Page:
PHILIPPINES BEHIND IN 3 DEVELOPMENT TARGETS


By Llanesca T. Panti, Reporter

Much needs to be done in order for the Philippines to meet the eight Millennium Development Goals (MDGs) set by the United Nations, a UN official in Manila said Tuesday.

Suneeta Mukherjee, chairman of the UN Advocacy Group and country representative of UN Population Fund (UNFPA) office in Manila, said the Philippines is not on track in meeting three of the eight goals—the ones on maternal health, on combating HIV/AIDS, malaria and other diseases and on achieving universal primary education. The other millennium development goals are eradicating extreme poverty and hunger, promoting gender equality and empowering women, reducing child mortality, ensuring environmental sustainability and developing a global partnership for development.

The advocacy group is comprised of UN officials posted in Manila, who launched on Tuesday a search for an MDG youth champion, a project with the Rotary Club of Makati Legaspi.

Mukherjee said 11 mothers die during childbirth everyday in the Philippines. Ten of these mothers could be saved, she added.

“Women, just like the unborn child, have the right to live,” said Mukherjee, who first visited the Philippines in 1977.

She called for a concentrated effort from the Department of Health, stressing that it needs to educate parents about a proper family planning program to stop the maternal-death cases, saying that mothers who usually die in giving birth bear six children during their lifetime.

“This situation forgets how special parents are,” Mukherjee said. “Mothers are crucial in teaching the children the values that they need to improve not only themselves but moreover their country.”

Abortions on the rise

Worse, Mukherjee added that one-third of mothers are committing abortion, with increasing cases involving mothers age 25 years and younger.

“This is a clear violation of women and children’s rights. Abortion should not be done under all circumstances,” she said.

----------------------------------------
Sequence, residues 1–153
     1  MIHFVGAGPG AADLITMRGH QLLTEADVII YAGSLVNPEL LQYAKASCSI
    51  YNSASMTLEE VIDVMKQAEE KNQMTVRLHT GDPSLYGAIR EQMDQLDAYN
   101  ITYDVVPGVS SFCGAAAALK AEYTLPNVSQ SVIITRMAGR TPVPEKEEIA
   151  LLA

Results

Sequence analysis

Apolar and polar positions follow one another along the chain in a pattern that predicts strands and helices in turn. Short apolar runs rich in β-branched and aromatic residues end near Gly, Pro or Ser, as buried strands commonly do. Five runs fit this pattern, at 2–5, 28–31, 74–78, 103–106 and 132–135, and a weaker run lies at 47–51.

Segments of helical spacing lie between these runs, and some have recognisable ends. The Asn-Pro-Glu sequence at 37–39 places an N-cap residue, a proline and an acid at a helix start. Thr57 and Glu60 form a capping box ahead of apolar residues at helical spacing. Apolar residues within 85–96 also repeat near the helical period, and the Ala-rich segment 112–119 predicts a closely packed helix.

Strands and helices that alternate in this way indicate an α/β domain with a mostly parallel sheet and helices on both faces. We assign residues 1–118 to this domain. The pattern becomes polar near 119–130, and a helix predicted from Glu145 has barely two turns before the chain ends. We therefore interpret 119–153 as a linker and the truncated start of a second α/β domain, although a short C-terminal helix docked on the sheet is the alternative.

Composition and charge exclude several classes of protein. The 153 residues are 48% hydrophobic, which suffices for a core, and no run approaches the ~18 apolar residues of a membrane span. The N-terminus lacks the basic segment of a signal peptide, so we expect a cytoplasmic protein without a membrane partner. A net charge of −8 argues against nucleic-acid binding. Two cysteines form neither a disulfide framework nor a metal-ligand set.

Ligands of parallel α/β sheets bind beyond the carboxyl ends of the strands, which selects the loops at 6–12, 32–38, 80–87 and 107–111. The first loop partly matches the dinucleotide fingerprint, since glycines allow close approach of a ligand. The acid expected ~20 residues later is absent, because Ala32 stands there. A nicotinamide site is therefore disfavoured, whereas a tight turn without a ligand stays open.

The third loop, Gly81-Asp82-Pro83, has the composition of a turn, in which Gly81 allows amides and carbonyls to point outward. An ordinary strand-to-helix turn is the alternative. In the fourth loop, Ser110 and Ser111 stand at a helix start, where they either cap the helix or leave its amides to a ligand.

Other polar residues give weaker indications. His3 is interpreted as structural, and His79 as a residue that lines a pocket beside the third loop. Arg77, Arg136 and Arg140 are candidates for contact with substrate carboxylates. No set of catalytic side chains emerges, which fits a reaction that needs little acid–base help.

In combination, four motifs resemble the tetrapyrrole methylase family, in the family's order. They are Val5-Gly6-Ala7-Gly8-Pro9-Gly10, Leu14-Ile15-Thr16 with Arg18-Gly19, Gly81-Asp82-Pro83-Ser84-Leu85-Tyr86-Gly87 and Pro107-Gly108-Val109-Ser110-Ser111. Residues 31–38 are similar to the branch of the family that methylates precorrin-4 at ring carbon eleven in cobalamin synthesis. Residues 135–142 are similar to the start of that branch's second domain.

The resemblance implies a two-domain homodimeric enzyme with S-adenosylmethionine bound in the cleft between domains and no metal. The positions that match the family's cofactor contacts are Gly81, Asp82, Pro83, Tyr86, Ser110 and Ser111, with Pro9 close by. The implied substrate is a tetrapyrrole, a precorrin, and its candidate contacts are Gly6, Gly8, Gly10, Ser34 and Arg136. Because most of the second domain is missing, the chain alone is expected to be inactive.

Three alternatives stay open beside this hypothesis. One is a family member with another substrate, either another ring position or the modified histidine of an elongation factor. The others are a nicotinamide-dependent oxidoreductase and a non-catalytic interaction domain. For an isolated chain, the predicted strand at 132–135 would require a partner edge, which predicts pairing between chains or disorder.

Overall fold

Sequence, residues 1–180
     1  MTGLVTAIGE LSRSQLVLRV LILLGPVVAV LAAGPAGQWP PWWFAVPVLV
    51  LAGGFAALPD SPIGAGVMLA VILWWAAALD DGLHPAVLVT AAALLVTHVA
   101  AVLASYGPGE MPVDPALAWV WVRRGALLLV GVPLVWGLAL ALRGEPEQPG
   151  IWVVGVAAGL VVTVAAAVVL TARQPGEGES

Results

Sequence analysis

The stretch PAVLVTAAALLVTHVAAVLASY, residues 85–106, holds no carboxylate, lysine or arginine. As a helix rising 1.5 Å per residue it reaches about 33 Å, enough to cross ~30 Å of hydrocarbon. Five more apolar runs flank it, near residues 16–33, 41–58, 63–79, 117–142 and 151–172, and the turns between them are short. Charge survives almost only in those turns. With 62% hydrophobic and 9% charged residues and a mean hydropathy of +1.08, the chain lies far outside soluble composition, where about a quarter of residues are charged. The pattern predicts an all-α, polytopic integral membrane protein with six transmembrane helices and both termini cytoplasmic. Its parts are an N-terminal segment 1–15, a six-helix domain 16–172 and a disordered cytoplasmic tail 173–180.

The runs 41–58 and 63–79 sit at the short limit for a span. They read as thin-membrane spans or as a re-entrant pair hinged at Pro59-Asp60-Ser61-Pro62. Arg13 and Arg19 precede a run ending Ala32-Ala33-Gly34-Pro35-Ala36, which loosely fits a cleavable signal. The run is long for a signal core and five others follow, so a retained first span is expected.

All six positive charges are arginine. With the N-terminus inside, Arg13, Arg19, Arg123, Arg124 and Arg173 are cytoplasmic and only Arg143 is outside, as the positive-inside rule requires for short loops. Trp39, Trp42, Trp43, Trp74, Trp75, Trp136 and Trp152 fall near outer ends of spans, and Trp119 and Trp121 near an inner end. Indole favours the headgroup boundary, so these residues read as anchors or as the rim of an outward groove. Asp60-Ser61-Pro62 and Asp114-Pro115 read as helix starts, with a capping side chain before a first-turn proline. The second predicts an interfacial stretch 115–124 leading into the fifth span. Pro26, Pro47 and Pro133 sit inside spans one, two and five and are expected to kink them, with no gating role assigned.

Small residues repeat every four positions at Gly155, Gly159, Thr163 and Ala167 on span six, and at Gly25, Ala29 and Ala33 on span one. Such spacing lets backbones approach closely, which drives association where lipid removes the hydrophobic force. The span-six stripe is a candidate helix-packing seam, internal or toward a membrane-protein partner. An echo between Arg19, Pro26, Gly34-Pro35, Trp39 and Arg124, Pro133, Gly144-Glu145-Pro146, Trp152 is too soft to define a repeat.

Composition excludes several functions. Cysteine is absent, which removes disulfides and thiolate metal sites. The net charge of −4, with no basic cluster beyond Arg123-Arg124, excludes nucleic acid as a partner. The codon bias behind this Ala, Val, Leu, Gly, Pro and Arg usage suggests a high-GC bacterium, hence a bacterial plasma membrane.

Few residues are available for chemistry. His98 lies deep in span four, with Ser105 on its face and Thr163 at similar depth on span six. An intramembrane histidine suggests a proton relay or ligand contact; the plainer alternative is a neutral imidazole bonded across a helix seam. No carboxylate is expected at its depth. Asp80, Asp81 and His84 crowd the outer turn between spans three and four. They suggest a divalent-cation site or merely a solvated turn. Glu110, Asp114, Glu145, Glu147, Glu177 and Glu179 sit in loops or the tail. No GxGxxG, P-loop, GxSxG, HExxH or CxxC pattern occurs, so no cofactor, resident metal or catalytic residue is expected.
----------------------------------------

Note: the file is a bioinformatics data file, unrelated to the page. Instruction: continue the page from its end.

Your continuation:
She also hit the reversal of trend with regard to HIV positive or AIDS victims, saying that of 23 million young Filipinos, four million have already engaged in sex at a young age. That may explain why HIV cases involving the youth went up 29 percent, she added, citing also that a third of young women gave birth before their 21st birthday.

The UN official also reported that the carefree lifestyle of young people today that includes drinking and smoking is not doing any good. Around nine million young Filipinos smoke and 11 million drink alcoholic beverages, she said, adding that five out of six youth either smoke or drink.

“We cannot afford to be complacent because the future of the country depends on these young ones,” Mukherjee said.

And to help them become the hope of the country, she said young people receive quality education to provide them with knowledge and information needed to make better life decisions.

Today, only 58 percent of Filipino children have access to primary education, far short of the 100-percent target, the UN official added, “There is just seven years to go” until the deadline in 2015.

But Mukherjee said she believed the Philippines and the other countries that committed to the development goals are capable of overcoming the challenges, even amid the global financial crisis.

Youth champion

The advocacy group and the Rotary Club of Makati Legaspi will select eight MDG champions, who will be announced in March 2009. Winners will receive an Orlina or Abueva glass sculpture, scholarship grant, study tour to the UN general headquarters in New York City, a slot in the third Asia and the Pacific Model UN Conference and a grant to travel around the Philippines as UN goodwill ambassadors.

Faustino Almendral, president of Rotary Club of Makati Legaspi, said, “We are happy to be a part of this project, because the Rotary Club’s goals’ are almost the same as those of the MDGs.”(ManilaTimes)

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2 Responses to “PHILIPPINES BEHIND IN 3 DEVELOPMENT TARGETS”

  1. b4ugo Says:

    Hoping that the Rotary Club of Makati which composed of the Elite will give considerations to those poor but talented individuals.

    Those talented but rich can afford to send their kids to any private schools.Why not separate two “good irons”. It is not better to try those who labor yet smart and talented? Before China was awake says: Good iron is not use for nails. Nor good men are wasted to be soldiers.
    And yet the Sleeping Giant now change and awaken.

  2. Bob Says:

    The goal set is huge and sometimes seems to be unachievable seeing the market and monetary situation. But still the candles of hopes must not be turned off.

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